Space Jewels

This is a simple game to warp your mind.

Error: You need to enable Java (not just JavaScript) in your browser.

Go ahead, try it!

The performance of this game varies greatly on different OS platforms.
("Java: Write once, run anywhere, experience anything.")
So if the game seems jumpy, try a different OS/browser.

Any comments whatsoever are welcome! (see bottom of page)

Known issues:

It doesn't work!

This seems to be quite a common problem -- look here.

I can't finish any levels!

Indeed, it seems that nobody besides myself is capable of finishing a level.  Well, I wrote it, tested it, got good at it, set all the parameters to my own liking, and then set a time limit that I found about right.  So it's not surprising that nobody else can do it as fast as me on their first several tries.

The best suggestion has been that it somehow let you take as long as you want, and then you compete against your own previous time records.  This suggestion has merit, but I haven't worked on the program in a while and probably won't for a while (what I really want to do is change it so that I can include a relativistic space, but that will take a lot of rethinking and rewriting), so you have to live with the way it is for now.

So get good at it!
Get comfortable swooping around in your little ship, scooping up jewels on the fly.
While you suck, stick to the Hemispheric level.
If you ever finish that level, try Euclidean.
If you ever finish that level, try Hyperbolic.

I find the time limits very easy to finish within, so don't give up hope.  The entire reason I wrote a game for this was so that I could feel what hyperbolic space is like.  And the only way you learn to feel what it's like is by getting good at it, so you'll need to get good at it anyway (i.e. not just so that you can finish levels, but so you can benefit from the whole point of the game).  You wouldn't expect to get much of a feel for hyperbolic space if you only spent 20 minutes there, now would you.  So if you're serious about feeling these spaces, go ahead and play around!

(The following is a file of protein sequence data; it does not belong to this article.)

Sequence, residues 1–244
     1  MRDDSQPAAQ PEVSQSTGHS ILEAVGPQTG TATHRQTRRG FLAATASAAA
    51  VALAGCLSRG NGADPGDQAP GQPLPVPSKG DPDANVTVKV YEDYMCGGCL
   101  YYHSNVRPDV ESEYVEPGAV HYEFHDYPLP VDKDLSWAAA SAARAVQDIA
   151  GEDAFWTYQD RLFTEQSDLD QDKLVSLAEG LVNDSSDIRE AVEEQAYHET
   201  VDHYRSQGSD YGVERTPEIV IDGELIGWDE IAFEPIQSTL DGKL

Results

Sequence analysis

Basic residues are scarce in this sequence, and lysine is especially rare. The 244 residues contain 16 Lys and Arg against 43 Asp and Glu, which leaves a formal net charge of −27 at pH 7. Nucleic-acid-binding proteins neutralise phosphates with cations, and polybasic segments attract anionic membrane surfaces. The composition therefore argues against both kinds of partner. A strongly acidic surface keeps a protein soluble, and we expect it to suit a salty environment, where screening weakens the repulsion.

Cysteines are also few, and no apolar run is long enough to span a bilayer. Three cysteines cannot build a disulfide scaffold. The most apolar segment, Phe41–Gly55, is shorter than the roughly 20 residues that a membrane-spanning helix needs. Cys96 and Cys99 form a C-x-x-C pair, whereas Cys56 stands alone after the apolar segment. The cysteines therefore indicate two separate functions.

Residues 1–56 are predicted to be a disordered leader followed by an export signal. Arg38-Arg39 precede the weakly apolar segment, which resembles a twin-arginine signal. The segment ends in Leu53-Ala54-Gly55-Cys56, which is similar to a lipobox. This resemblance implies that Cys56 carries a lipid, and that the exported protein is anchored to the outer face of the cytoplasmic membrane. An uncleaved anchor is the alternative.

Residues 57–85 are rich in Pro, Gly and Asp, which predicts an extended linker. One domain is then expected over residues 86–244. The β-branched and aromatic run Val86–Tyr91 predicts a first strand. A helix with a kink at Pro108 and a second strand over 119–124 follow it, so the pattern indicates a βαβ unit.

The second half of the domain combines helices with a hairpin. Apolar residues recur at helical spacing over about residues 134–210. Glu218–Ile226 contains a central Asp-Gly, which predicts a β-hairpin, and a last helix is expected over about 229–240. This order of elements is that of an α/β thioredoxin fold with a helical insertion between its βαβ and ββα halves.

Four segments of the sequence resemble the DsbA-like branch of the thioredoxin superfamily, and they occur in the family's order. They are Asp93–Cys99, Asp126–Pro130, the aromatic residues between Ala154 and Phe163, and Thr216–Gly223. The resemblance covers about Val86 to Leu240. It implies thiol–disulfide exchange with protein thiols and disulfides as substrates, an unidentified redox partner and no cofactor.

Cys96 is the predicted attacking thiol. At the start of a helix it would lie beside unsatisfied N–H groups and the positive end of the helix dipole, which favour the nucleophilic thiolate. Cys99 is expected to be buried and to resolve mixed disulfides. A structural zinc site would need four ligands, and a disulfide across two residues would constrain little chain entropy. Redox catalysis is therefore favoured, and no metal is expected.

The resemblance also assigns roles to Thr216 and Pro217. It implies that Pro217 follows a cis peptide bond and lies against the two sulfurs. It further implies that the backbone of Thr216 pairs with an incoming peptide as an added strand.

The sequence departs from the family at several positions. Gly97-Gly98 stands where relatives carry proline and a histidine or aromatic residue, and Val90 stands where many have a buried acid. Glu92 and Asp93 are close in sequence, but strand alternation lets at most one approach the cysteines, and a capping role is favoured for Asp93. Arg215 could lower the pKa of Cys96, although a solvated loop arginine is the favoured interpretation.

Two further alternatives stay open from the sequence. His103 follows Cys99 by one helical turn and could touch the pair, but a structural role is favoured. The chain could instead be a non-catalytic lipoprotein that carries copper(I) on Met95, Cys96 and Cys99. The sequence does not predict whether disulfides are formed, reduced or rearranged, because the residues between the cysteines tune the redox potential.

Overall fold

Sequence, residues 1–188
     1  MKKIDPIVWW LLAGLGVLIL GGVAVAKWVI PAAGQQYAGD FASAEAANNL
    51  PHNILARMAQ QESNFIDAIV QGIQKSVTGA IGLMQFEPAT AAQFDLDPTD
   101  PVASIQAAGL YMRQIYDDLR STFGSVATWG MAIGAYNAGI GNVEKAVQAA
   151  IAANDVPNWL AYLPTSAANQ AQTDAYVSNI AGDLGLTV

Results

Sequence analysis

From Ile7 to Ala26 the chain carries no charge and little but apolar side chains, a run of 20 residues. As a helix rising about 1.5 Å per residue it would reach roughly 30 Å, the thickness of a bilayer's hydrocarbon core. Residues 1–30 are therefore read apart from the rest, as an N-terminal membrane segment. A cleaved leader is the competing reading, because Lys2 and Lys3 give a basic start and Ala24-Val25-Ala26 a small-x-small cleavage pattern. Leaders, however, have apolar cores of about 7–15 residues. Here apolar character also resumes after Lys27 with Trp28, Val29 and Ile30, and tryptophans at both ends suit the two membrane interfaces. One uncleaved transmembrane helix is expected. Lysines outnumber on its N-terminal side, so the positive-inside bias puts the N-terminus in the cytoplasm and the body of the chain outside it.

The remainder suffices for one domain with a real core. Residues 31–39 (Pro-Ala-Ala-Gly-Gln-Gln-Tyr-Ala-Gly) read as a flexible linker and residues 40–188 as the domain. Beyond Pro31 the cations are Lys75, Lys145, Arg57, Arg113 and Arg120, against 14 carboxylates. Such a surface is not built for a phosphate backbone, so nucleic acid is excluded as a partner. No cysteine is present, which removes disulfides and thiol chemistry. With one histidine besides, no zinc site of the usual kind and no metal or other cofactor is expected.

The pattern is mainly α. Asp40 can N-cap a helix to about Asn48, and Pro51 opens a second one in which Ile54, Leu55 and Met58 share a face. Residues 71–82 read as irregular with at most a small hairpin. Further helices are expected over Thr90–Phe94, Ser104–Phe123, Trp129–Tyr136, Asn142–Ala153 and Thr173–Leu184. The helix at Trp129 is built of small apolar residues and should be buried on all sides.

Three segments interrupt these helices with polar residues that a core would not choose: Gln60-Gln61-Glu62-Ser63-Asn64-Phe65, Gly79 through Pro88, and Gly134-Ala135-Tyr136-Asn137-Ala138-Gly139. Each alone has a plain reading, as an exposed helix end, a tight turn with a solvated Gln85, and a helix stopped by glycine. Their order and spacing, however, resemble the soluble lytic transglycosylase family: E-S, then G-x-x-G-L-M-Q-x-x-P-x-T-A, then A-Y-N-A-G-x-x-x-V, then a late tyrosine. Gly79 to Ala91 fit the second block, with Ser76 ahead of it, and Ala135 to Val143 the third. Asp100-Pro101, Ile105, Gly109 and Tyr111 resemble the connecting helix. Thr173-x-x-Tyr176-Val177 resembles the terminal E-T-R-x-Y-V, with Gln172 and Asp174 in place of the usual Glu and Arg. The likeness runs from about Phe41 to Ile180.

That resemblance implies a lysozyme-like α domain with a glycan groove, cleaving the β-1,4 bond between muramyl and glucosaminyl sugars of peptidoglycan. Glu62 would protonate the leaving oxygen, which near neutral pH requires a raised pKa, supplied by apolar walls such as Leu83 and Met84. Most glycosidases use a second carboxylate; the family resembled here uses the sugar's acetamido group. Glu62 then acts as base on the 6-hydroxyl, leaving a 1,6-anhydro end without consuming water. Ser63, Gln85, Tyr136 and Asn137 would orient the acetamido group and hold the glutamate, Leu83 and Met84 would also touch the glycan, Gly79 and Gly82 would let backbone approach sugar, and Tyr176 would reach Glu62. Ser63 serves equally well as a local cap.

Euclidean space looks warped!

Yes, it is "warped", just like when you look through one of those door peep-hole lenses.  This is so that the whole plane can fit on the screen.

One of the reasons for doing this is that otherwise, one winds up thinking that the main weirdness about non-Euclidean space is how warped everything looks.  But "warpedness" is of course just an artifact of whatever projection happens to be being used.

By experiencing a "warped" Euclidean projection, you should eventually see how the "warpedness" is not really part of the underlying geometry.  Instead, you can discern the "real" differences, such as:

In Hyperbolicland:

In Euclideanland:

These are all geometric features that are completely independent of the projection.

The jewels all disappear into the distance in Hyperbolic space!

In hyperbolic space, there is a whole lot of space (hence the word "hyperbolic"), and it is very easy to get lost.  For your own good, you should take care not to stray from the jewel field.

In fact, if you go far enough from the jewel field, the loss of precision will collapse your ship! (makes it hard to continue playing)

By Matthew Cook. Comments?  Tell me!
Last updated: 27 October 1998